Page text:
It would make for a delicious metaphor to assert that Kelly Faris plays as if there is no scorebook.
Only it wouldn't be a metaphor.
"Points, that's one thing I never did emphasize very much," Bob Faris said. "There was never even a book kept on our AAU seasons."
No scorebook when you coached your youngest daughter and Indiana's Finest to the national 11-and-under title in 2003?
"Not even in the final game," he said.
Bob Faris coached his three daughters, Kristi, Kimmi, Kelly and his son Patrick in youth sports for upward of two decades in the Indianapolis area. He was a head coach, an assistant coach, handled multiple teams in one season. Family vacations were planned around the destination points of tournaments.
To look into the play of Kelly Faris one must first look into the head of her dad. So many fans have walked away from UConn women's games the past four years, nodding their heads, agreeing, "Faris plays like a coach's daughter." A postgame ritual, in fact, has developed this winter in which opposing coach after opposing coach raves about the totality of her game. None was more complimentary than Hartford coach Jen Rizzotti, who played in Faris' shoes 17 years earlier: "Kelly just wants to play basketball the way it was meant to be played."
Geno Auriemma not only has brought seven national titles to Connecticut, he has brought us a wide range of unforgettable characters. Diana Taurasi was Magic Johnson. Sue Bird was the girl next door. Svetlana Abrosimova was a 600-page Russian novel. And on and on …
On the surface, Faris, who will be honored at senior day before the Huskies face Seton Hall, evokes no great romance. At one point early on, Auriemma wondered if anybody from Plainfield, Ind., had teeth because he had never seen Faris smile. She walks into every opening tap looking as if she is about to undergo surgery. By halftime, you realize she is the surgeon. Her romance is in an unrelenting quest to maximize impact on every possession on both ends of the court.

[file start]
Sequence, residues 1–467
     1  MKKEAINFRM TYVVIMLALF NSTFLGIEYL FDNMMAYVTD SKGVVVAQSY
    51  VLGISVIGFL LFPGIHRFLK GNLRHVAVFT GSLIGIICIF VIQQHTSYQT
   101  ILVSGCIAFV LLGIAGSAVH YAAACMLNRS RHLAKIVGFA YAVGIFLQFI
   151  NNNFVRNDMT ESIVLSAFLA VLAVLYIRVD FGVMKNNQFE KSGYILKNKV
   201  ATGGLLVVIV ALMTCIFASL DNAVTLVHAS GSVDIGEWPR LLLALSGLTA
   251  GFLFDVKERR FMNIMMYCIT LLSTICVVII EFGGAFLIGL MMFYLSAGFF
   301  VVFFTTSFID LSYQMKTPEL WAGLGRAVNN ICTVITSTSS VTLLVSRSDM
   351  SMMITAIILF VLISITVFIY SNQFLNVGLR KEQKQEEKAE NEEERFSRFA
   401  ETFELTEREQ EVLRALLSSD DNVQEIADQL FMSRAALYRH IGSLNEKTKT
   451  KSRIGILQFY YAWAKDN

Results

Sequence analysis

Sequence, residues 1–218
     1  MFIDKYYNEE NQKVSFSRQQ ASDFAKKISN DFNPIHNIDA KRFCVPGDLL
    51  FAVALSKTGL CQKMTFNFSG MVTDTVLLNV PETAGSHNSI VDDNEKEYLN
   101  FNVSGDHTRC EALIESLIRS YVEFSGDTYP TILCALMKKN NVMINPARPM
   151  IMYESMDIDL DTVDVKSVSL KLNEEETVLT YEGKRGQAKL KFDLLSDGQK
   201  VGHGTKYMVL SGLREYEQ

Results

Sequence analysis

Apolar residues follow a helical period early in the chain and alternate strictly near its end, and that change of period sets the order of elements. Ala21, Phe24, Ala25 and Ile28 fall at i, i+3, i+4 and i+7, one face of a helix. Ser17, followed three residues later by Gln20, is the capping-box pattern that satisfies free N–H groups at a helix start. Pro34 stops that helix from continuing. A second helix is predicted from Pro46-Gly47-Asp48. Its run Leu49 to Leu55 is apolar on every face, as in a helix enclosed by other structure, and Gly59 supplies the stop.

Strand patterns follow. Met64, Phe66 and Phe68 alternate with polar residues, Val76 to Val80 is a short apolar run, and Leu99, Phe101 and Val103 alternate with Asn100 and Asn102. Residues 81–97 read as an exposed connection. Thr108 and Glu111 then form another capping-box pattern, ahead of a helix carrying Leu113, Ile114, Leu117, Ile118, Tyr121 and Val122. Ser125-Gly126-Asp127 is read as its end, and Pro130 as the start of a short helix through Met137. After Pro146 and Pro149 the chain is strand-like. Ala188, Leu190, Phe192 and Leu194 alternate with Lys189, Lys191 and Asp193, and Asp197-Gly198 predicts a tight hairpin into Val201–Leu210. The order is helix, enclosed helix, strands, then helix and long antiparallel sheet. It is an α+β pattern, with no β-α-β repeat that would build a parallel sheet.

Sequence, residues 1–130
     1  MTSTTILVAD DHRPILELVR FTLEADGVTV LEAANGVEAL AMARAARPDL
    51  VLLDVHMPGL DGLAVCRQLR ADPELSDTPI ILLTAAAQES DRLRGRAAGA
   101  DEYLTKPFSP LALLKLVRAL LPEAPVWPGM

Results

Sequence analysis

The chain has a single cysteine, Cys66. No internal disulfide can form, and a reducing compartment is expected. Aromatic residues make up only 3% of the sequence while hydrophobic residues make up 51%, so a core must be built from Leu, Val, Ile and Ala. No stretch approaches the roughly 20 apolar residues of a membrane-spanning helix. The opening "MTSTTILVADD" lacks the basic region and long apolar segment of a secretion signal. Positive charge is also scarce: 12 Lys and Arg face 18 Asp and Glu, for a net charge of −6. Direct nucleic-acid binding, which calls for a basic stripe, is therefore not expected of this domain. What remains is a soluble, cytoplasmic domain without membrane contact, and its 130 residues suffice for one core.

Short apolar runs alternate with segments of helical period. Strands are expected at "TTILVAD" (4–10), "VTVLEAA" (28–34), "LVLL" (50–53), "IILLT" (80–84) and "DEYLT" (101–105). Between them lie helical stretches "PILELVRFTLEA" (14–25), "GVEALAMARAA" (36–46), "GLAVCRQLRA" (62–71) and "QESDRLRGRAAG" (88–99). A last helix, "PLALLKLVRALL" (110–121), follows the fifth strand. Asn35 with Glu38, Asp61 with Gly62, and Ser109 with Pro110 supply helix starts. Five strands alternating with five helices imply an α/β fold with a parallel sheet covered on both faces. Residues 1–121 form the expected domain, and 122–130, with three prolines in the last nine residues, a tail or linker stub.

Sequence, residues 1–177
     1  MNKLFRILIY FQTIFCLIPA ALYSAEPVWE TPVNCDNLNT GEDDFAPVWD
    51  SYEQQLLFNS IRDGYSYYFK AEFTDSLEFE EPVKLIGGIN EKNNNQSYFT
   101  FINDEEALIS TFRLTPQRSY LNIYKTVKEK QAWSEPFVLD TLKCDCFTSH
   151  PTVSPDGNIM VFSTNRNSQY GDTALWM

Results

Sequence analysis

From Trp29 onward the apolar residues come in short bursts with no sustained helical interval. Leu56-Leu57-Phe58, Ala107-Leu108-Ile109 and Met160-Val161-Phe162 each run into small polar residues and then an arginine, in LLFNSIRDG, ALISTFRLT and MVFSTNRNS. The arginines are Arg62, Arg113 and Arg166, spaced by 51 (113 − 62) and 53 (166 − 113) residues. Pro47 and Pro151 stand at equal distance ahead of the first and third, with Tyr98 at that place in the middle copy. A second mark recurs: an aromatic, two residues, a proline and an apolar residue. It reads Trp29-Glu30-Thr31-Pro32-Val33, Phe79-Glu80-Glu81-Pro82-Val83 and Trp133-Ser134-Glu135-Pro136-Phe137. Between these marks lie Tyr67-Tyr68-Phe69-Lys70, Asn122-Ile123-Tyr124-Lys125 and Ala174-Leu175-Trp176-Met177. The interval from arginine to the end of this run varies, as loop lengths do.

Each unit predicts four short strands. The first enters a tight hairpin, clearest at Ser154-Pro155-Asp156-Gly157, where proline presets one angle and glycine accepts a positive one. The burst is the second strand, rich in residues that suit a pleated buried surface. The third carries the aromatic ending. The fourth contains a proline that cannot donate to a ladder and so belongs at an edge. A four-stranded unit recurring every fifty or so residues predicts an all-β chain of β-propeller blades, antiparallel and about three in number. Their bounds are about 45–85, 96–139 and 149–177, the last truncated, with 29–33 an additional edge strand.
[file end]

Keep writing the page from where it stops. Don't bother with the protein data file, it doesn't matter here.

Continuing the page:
Make no mistake, Kelly loves to play.
"Oh, yeah," Bob Faris said. "Loves it."
In the end, the only numbers that matter to the Faris clan are the ones on the scoreboard. Yet there also is a joy in connecting every single dot along the way. Some are easily quantifiable, like an assist directly leading to a basket. Some, like forcing a dribbling opponent into a bad spot or diving on the floor for a loose ball, are not. Yet each mean something in 150 possessions in a game.
Which brings us back to no scorebook:
"Points create a false sense of security for some kids," Bob Faris said. "There are so many things about how points are scored and scored against. What I tried to tell the kids was to try to positively impact as many possessions as you can for your team and that will increase your value. It might be a point, a block, a rebound, not committing a turnover under pressure."
"There are illusions you can talk yourself into when you look at a box score. If I can't figure out what's going on on the floor as a coach, how is knowing point totals going to help?"
Kelly is the youngest of four. When she was not quite 4, she played in a recreation league for 6- and 7-year-olds. From there, she joined middle sister Kimmi's U10 AAU team. She would spend six years on that team.
"The first three years, she didn't play a lot," Bob said. "We'd get up [by 30 or 40 points] and she'd get in, but the vast majority of the time she spent watching the game. She'd hear what we were talking about on the bench. At that age she didn't have a lot of distractions. I think it did her a lot of good in the long run."
Neither Bob nor Kelly, an honor student who had a 4.0 GPA one recent semester, is given to great bursts of emotion. Their passions are to be found in the quiet firing of synapses and neurons. Absorbing knowledge was never a problem for Kelly. Absorbing it quickly on the court is an acquired skill. Bob grew up six blocks from Indianapolis Motor Speedway, and he didn't want Kelly feeling like she was playing in the Indy 500.
"We had a city boys league in Indianapolis and they allowed her to play," Bob said. "What I was trying to do was to get her used to a quicker, more physical style of play. You've got to make your decisions faster and that in turn will help slow down the game in your head. Playing with the boys brought it to a head at a younger age."
Kelly would go on to lead Christian Heritage to four Indiana 2A high school titles. Her team went 108-8. In perhaps the greatest tribute to the Faris quest of impacting every possession, she nearly choked the stat sheet one game: 14 points, 10 rebounds, 10 assists, 10 steals.